>> The assertion that qualia are not computable is totally meaningless. >> Compare against the assertion that baseballs are non-computable or >> that qualia are NP-complete. Do you have any idea what you're talking about?
Ok, I've taken a deep breath. Let's try again.
Computability refers to functions - mappings from one set onto another, mappings from input tapes to halted tapes - not baseballs, qualia, or any other non-abstract phenomenon. The problem I have is that you're extending the concept to another domain without being clear what you're talking about, then refusing to explain when queried.
It's unclear what you mean when you refer to the computability of qualia. Do you mean that there is no algorithmic mapping from a symbolic description of the objective universe to a description of subjective experience? Do you mean, as you seem to have implied, that qualia can not exist in a universe who's behavior can be modeled completely by a Turing-computable formal system? Do you mean that qualia have properties and behaviors of their own which can not be described rigorously. Are you saying that a purely computation model of the mind can not account for the existence of qualia? Or do you believe, as you seem to have implied, that Turing/Church is simply incorrect and there exists some more powerful scheme for an abstract computer?
These aren't rhetorical question - I don't know what you mean - and given your refusal to elaborate further the statement is meaningless. I'm interested if you have anything to say on any of these topics, but I'm not going to interpolate between isolated pearls of obfuscated wisdom. If you don't want to go into it then we can let it drop.
Anyway, I apologize for the tone of my previous message - I'm not interested in getting into a pissing contest with you - but perhaps you can compute from whence my subjective experience of irritation arose.
> I might point also point out that truly random processes, strictly
> speaking, require a minor extension of Turing computability; it's just
> that the qualitative behavior of a random process can be simulated by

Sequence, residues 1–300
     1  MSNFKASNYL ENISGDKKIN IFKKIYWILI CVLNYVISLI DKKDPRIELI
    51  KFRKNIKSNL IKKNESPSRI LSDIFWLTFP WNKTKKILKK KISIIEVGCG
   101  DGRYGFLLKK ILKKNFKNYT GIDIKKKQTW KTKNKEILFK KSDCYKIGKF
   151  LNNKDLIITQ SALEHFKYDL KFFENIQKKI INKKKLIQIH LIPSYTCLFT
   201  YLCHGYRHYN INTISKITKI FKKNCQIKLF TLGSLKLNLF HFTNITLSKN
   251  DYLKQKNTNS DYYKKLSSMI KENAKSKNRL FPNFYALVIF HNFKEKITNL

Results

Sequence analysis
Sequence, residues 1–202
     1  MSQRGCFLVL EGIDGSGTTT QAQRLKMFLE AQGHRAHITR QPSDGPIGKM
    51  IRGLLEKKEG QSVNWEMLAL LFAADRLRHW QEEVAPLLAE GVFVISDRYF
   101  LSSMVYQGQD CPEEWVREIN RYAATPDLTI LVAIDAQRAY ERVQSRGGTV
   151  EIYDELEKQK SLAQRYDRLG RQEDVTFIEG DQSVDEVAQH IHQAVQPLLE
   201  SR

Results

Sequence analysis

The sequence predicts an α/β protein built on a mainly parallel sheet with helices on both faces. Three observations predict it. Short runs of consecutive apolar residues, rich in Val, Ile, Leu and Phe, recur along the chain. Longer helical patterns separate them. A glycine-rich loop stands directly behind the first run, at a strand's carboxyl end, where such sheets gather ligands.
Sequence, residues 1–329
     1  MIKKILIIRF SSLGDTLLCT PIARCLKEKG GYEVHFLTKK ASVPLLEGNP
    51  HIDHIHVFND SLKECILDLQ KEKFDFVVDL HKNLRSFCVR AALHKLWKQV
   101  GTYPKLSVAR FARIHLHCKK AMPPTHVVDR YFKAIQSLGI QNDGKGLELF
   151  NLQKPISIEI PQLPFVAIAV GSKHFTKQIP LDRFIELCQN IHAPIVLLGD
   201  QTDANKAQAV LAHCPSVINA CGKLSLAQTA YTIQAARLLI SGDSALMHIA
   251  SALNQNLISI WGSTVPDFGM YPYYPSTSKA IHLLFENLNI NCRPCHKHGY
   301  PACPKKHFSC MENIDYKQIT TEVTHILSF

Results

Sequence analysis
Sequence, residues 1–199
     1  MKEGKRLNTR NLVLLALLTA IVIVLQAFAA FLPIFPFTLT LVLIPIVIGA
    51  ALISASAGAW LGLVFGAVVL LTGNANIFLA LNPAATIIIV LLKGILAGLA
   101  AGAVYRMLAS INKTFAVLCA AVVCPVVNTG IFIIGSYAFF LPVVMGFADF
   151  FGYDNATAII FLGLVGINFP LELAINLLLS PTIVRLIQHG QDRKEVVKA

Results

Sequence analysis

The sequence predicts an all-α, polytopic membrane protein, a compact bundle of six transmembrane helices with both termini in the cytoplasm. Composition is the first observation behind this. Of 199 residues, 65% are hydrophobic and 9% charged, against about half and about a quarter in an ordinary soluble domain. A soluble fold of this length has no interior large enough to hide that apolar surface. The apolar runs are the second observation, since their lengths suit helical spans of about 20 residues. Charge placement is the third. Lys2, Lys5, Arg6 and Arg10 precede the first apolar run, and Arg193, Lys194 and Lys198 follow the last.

> pseudo-random processes (or, for finite processes, hidden variables in
> the initial state). The assertion that baseballs are non-computable is
> not only meaningful, it is trivially true. Frankly, your assertion that
> the noncomputability of a process is "meaningless" is so odd that I'm
> starting to question your own understanding of Turing computability.
Yes - Turing machines are totally deterministic. I'm not sure if adding a random number generator extends the set of problems you can solve vs. an arbitrarily good distribution of pseudo-random numbers. It seems like it should, but I can't think of a concrete example off the top of my head.
The baseball example, as is clear from above, wasn't referring to behavior. It was an analogy. Baseballs aren't computable - that statement has no meaning. Their weight may be computable, their color under different levels of illumination may be computable, their wind resistance at a certain velocity may be computable, and so forth. Until you specify want you want to talk about, computability is inapplicable.
But I don't think the behavior is necessarily uncomputable. In the absence of an observer, quantum physics can predict it's behavior perfectly. It's only when we step in and collapse the wave function that there's any uncertainty. It becomes an issue of frame of reference.
You can certainly come up with other problems where a result is computable only in some frames of reference, there's no need to assume a non-deterministic universe. (or get into wacky quantum philosophy stuff.)
>> If you don't want to go into it then provide a direct reference.
Ok. <looks down, checks a box on funding request form.>
>> The above is just juvenile.
Oh dear lord... 'I know you are but what am I' flashback.
I'm reminded of the time I Godelized my little brother's Duplo AI and he disassembled all my Halloween candy in retaliation.